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The young war veterans I wrote about in my last post were very gracious about being drawn and sharing their stories. While every sketching experience is memorable in its own way, this one is going to stick with me for a long time.
The process of interviewing them and drawing their portraits lasted a couple of hours, more or less, for each. I met the veterans at places that were convenient for them: a college cafeteria, the offices where they work or at their homes, as was the case with Bernard.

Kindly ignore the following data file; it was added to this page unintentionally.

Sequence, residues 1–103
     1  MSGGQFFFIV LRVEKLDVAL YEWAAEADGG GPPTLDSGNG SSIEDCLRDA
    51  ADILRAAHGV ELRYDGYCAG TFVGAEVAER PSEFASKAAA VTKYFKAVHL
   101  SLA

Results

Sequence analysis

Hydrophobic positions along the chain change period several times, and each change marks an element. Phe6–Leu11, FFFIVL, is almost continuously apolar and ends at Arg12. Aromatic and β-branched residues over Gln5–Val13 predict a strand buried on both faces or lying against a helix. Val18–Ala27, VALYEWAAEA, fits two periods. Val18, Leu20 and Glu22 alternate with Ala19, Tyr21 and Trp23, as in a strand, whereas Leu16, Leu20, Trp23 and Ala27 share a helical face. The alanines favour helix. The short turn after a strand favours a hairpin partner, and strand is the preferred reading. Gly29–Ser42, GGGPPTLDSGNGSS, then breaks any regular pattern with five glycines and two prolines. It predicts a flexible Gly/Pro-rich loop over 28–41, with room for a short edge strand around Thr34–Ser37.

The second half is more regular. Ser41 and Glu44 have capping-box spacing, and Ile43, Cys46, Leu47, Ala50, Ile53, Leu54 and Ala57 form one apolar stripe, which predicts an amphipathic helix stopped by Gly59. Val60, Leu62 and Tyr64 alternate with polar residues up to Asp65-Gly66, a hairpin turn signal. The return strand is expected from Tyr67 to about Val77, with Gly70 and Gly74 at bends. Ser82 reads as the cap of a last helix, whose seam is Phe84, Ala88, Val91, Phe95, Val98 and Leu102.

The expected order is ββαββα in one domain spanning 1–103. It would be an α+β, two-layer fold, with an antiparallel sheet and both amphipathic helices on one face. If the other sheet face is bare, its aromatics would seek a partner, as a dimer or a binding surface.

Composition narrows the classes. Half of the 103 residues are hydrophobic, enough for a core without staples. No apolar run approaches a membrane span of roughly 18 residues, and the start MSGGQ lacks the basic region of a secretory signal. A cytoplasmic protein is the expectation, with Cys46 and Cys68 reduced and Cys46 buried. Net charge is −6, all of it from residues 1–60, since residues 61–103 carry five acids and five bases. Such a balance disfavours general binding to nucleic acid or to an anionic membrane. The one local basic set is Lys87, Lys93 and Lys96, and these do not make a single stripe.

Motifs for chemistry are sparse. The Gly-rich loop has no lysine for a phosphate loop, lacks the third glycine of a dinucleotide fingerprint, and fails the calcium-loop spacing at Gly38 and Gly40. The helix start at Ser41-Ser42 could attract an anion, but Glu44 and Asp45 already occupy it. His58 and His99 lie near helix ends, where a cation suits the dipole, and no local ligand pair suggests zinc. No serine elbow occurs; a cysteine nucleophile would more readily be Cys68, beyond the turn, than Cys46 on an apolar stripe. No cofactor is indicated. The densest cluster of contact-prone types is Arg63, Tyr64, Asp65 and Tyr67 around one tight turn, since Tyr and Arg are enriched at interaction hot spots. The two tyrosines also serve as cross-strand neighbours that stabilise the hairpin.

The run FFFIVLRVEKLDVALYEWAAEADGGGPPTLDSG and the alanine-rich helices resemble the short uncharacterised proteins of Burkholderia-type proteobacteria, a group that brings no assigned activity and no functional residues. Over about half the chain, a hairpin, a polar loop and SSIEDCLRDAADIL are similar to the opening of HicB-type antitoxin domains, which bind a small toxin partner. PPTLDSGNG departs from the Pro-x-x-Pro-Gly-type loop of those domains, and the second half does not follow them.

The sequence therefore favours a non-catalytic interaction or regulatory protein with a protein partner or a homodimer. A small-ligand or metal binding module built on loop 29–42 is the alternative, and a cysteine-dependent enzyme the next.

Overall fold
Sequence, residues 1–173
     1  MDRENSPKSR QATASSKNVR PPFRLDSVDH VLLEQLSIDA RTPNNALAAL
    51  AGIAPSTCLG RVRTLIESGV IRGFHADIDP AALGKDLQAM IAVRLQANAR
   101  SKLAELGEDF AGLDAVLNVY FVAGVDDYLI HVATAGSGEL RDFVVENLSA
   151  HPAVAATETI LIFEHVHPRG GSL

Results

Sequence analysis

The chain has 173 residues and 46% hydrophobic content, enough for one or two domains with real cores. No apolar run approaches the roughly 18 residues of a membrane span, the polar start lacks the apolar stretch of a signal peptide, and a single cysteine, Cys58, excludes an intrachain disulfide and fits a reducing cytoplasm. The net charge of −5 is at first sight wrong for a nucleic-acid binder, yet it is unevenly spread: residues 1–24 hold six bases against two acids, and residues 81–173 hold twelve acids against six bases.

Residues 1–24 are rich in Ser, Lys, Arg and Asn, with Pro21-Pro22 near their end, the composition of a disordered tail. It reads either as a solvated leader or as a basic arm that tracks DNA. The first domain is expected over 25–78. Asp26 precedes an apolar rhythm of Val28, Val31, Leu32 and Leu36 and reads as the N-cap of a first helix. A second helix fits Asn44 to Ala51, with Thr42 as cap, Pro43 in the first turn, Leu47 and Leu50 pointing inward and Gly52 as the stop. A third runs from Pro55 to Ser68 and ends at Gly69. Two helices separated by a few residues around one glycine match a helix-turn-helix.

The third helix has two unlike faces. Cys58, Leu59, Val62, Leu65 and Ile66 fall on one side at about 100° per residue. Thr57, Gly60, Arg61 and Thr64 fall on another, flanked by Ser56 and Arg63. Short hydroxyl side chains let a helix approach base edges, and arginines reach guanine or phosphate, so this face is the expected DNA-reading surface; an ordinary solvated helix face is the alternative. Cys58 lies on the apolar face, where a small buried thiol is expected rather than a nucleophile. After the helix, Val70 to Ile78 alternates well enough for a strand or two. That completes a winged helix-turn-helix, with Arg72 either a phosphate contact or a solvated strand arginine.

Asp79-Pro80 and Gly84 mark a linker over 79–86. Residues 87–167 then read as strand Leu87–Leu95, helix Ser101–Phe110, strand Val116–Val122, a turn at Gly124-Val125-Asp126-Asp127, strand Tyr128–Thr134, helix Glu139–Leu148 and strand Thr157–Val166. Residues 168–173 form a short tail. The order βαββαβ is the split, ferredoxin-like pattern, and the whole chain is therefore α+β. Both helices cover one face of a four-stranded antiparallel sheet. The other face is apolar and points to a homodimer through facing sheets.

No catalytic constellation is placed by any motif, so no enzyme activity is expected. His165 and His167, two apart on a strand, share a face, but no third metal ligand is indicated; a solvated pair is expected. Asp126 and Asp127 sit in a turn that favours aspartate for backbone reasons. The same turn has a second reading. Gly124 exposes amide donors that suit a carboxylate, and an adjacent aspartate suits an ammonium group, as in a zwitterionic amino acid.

Sitting across from them, I just asked that they try to look towards me as I asked questions and slowly built up the portrait, from the initial light pencil marks to the final watercolor details.
As often happens, my interview notes ended up split between my reporter notebook and the actual watercolor sheet where I drew the portrait. Because it’s hard to draw and listen at the same time, I can’t help but write notes on the margins of my sketch when I hear something important.
For publication, I cleaned out all the notes and added one handwritten quote to each portrait in Photoshop, as you can see here and in the print version.
2B pencil, watercolor and watercolor pencils on 9″x12″ Fabriano Hot Press Studio Watercolor 90lb paper.